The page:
Project Homeless Connect is a one-day event to help people living without homes easily access a variety of resources in one location
The annual Clark County Project Homeless Connect event is set for Jan. 26 from 9 a.m.-2 p.m. at St. Joseph Catholic Church, 400 S. Andresen Road in Vancouver. Project Homeless Connect is a one-day event to help people living without homes easily access a variety of resources in one location. Offerings will include housing information, vision exams and glasses, haircuts, help signing up for social service benefits and healthcare, employment resources, clothing, hygiene items, foot washing, a pet clinic, and lunch. Anyone throughout the county who is without a home is encouraged to attend.
Interpreters will be at the event to assist people who speak American Sign Language, Chuukese, Spanish, and Russian. Shuttles to and from the event from locations around the county will be available throughout the day. Locations include shelters, Share House, Living Hope Church, and encampments.
Thrive2Survive is organizing volunteers and logistics for the event. Amerigroup of WA, Molina Healthcare, and Trinity Lutheran Church Foundation are event sponsors. St. Joseph Catholic Church donates use of their facility, refreshments, volunteers, and lunch.
Point In Time Count
The same day, the annual countywide census of persons without homes, known as the Point In Time (PIT) Count, will take place. The count provides a one-night snapshot of what homelessness looks like in our community and contributes to state and national data and funding decisions and resources. During the last 10 days of January, agencies and volunteers from across Washington State will collect data to comply with Washington State Department of Commerce requirements. Data from the Point in Time Count will be released in May 2023 after the data is de-duplicated and analyzed.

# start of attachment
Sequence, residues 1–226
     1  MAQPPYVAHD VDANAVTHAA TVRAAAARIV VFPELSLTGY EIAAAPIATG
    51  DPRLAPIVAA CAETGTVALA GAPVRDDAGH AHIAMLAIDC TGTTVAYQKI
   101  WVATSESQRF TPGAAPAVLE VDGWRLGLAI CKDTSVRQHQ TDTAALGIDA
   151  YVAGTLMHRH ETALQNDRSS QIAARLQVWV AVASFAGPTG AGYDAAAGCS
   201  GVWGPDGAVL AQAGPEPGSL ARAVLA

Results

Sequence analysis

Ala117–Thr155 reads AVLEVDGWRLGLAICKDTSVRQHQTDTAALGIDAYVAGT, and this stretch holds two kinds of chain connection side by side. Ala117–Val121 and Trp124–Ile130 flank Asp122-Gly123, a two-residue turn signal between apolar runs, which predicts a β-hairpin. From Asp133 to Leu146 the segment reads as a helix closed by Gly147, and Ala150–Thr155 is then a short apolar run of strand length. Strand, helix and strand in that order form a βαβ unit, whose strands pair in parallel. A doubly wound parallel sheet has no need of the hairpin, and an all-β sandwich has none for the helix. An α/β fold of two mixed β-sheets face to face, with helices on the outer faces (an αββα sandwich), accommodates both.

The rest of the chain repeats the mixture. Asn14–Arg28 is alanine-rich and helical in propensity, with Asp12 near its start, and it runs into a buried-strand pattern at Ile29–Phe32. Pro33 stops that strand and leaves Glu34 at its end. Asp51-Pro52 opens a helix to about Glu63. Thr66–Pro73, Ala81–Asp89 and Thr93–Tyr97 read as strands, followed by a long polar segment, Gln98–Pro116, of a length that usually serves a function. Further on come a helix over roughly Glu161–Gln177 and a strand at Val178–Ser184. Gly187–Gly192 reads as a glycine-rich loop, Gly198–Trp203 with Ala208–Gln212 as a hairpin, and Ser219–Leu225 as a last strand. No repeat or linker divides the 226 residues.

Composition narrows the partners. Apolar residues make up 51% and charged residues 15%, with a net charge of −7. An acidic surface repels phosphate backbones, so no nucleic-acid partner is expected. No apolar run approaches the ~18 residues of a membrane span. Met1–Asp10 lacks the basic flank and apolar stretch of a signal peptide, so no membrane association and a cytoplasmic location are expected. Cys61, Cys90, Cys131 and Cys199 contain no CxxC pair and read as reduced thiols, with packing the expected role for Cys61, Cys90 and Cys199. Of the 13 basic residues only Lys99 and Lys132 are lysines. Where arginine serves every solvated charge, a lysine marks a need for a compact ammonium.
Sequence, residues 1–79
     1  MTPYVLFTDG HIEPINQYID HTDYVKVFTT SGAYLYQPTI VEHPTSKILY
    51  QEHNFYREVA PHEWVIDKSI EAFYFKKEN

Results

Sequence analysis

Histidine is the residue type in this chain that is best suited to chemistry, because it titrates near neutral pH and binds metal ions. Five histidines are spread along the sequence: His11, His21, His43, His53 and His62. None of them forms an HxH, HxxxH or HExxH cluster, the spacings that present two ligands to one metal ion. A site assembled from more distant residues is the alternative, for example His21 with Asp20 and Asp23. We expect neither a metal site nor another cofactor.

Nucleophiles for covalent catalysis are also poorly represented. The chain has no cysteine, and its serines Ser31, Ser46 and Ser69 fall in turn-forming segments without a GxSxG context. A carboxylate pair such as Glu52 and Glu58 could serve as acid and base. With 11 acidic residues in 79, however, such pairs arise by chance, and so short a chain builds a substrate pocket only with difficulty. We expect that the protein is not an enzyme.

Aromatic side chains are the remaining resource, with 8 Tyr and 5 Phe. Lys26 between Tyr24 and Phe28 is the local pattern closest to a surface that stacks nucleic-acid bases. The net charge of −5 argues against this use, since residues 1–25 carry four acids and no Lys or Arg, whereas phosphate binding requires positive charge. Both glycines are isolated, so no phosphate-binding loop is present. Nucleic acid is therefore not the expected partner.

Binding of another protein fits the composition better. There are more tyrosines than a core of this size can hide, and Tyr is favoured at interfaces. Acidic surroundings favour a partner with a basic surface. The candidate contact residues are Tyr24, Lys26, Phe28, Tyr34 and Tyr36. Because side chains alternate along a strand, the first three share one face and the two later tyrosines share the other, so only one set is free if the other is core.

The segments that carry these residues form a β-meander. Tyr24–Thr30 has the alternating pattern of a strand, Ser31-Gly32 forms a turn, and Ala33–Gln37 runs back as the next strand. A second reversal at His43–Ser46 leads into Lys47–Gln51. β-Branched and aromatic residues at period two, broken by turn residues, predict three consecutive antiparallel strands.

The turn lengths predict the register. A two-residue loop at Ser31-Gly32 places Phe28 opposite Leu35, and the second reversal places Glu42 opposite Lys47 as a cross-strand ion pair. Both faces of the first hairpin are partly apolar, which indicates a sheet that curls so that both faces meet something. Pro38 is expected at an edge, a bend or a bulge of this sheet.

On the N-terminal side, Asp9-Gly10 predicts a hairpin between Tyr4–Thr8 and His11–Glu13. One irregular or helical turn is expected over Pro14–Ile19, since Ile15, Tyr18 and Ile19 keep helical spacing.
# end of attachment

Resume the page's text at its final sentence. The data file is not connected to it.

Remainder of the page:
CFTH staff and staff from partner agencies divide the county into outreach zones. Teams travel to the zones early Thursday morning and throughout the day to ask survey questions of people living outside, in a tent, in a trailer with no running water, in their car, or escaping domestic violence. Additional Outreach staff this year means teams will cover more areas and engage with more people.
The PIT survey includes voluntary questions regarding last permanent zip code, demographics, and the circumstances that contributed homelessness. An important aspect of the count is to “de-duplicate” people who may be counted more than once that day in order to provide a more accurate count. Those staying in Clark County shelters and transitional housing will all be counted through the local Homeless Management Information System (HMIS).
Council for the Homeless is a non-profit organization that provides community leadership, compelling advocacy, and practical solutions to prevent and end homelessness in Clark County, WA. For more information, go to www.councilforthehomeless.org
Information provided by Council for the Homeless.
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